Even though 58% of those polled do NOT like cranberries, 90% reported serving them at Thanksgiving.
My interpretation of this data:
1. We’re tradition-driven.
2. We’re catering to the few.
3. You had leftovers of the cranberry sauce/relish/jelly (whatever you want to call it.)
4. This could very well be a snapshot of society-at-large. 😉
5. Cranberries just don’t taste very good.
6. We all gained weight over Thanksgiving . . . wait! That’s not related . . .
7. There is a conspiracy by cranberry growers to brainwash Americans into believing we MUST have cranberries at Thanksgiving.
Anyhow, these are just my biased, first-glance findings. Please share your own interpretation, I’d love to hear.
And as a little factoid, did you know that polls suggest that as many as 80% of Americans believe JFK’s assassination was a conspiracy? Important information, people. Right here.
So I just spent the last hour serving Cranberry Sauce (though it looks more like Cranberry Jelly) in the cafeteria of London’s elementary school for their Thanksgiving dinner. I found it very interesting to see who took it and who didn’t. Here’s what I noted:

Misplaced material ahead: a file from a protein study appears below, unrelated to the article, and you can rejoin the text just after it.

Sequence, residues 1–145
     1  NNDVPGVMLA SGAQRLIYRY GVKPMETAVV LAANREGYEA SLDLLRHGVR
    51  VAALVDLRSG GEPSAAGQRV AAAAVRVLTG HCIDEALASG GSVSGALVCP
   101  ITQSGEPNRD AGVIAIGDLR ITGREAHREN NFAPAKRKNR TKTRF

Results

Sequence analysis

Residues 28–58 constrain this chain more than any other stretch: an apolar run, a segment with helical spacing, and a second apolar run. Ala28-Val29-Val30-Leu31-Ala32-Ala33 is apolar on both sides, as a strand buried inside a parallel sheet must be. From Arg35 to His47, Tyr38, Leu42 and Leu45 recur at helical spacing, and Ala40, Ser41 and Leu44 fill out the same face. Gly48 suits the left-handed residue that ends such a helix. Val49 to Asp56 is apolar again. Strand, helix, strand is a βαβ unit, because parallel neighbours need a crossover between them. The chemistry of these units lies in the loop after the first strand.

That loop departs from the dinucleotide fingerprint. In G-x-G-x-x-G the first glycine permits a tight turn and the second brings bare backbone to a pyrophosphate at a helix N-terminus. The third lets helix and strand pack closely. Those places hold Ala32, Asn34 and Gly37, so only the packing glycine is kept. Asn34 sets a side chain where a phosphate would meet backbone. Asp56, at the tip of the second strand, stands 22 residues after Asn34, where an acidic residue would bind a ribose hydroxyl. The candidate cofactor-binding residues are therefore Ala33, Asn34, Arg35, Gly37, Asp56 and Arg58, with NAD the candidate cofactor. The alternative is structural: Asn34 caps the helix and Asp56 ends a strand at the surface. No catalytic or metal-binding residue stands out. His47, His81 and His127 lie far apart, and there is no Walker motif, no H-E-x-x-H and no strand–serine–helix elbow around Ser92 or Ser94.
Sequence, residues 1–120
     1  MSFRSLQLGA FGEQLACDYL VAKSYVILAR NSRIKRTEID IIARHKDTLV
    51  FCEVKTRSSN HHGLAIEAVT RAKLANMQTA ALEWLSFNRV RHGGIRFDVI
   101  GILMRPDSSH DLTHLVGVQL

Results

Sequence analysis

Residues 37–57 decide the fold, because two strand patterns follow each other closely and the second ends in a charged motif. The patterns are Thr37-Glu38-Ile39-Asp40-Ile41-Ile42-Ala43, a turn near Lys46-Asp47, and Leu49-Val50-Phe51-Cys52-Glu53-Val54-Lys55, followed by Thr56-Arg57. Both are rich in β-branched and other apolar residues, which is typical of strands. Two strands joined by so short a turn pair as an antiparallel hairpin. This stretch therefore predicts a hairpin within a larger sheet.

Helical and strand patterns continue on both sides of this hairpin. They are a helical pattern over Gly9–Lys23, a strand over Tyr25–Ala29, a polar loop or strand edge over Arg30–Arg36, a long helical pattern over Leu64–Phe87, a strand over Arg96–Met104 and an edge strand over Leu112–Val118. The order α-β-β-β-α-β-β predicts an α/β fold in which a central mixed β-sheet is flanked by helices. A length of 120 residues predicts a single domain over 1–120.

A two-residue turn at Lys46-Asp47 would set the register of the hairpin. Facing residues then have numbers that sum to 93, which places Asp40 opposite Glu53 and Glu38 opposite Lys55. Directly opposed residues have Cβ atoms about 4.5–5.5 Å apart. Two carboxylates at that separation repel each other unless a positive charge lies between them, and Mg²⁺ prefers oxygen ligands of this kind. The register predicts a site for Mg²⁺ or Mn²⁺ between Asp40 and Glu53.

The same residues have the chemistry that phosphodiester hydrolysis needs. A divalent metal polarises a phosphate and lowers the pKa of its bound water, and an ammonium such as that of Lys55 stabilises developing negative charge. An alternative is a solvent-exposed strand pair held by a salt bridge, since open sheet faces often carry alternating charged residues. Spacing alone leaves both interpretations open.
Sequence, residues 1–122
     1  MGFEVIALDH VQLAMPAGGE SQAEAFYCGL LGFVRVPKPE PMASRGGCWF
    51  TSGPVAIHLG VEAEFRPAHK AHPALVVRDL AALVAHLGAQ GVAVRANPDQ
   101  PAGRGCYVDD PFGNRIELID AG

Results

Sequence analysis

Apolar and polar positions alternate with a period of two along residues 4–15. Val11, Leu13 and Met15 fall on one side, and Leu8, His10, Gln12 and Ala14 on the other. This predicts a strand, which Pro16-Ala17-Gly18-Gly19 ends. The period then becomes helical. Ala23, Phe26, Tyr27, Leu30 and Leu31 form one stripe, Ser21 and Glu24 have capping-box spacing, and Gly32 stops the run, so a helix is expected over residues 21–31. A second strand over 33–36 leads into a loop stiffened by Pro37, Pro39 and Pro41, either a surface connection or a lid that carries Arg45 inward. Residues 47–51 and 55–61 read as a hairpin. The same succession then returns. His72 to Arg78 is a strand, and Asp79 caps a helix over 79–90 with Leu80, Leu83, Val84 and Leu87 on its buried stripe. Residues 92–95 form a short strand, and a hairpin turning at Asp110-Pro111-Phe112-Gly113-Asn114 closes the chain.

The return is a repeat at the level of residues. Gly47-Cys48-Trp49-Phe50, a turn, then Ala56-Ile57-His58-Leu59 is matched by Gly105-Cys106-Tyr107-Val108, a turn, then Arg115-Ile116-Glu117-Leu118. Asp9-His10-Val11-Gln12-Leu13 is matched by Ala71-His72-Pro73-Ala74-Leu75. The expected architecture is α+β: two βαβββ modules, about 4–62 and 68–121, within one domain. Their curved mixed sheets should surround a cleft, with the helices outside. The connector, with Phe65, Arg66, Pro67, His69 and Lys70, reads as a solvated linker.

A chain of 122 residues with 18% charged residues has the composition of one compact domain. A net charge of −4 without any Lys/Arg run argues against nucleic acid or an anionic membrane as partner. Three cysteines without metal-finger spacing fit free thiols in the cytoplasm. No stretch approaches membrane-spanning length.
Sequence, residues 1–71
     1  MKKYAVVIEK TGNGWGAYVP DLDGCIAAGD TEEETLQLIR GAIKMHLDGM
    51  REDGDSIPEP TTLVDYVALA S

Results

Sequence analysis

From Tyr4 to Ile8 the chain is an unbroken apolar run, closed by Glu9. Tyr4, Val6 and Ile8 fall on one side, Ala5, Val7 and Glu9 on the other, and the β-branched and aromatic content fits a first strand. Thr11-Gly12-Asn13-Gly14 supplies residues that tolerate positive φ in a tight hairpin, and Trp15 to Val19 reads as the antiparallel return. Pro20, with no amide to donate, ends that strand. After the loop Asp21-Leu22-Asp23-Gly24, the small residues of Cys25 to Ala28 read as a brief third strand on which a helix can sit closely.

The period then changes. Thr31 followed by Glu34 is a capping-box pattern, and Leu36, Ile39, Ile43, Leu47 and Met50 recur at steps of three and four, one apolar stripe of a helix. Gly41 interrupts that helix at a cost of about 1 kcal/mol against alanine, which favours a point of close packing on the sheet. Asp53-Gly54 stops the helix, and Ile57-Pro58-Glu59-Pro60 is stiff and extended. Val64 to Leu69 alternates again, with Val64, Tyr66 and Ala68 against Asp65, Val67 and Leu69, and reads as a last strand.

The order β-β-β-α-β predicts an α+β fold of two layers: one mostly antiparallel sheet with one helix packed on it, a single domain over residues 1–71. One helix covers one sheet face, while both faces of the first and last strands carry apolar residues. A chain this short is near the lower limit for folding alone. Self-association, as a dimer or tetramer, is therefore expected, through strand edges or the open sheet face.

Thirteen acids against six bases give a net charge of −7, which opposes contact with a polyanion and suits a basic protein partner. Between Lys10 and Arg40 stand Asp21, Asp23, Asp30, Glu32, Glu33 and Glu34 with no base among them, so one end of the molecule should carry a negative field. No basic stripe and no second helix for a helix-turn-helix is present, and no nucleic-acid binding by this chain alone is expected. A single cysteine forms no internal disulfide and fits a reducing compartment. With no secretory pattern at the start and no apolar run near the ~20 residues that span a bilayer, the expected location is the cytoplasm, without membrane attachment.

– Cranberry Sauce is an extreme dish, meaning that people either love it or hate it.
– On average, only about 1 in 10 people took it.
– Like or dislike had no apparent tie to ethnicity or culture (and there’s a broad range in London’s school).
– The universal sign for dislike is wrinkling up your nose.
Then suddenly I was curious about the whole cranberry phenomenon. Why do we always serve this dish at Thanksgiving dinner when only 1 in 10 people eat it anyway?
And having just asked, “Would you like Cranberry Sauce?” a hundred times or so in the cafeteria, I feel like I’ve already conducted a poll, so I thought, “Why not? I’ll put a poll on my blog!”
So here’s the question:
Cranberry Sauce: yes or no?
And as a follow-up:
Does your family include it as part of Thanksgiving?
Please weigh in on the issue (see sidebar poll). This is important stuff!
And just as a little tidbit about cranberries, did you know that cranberries are native to northeast North America? They grow from the mountains of Georgia to the Canadian Maritimes. And in 1620, the Pilgrims learned to use them from the Native Americans who used them as food, dyes, and medicines.
Now you’re smarter for having visited my blog. 🙂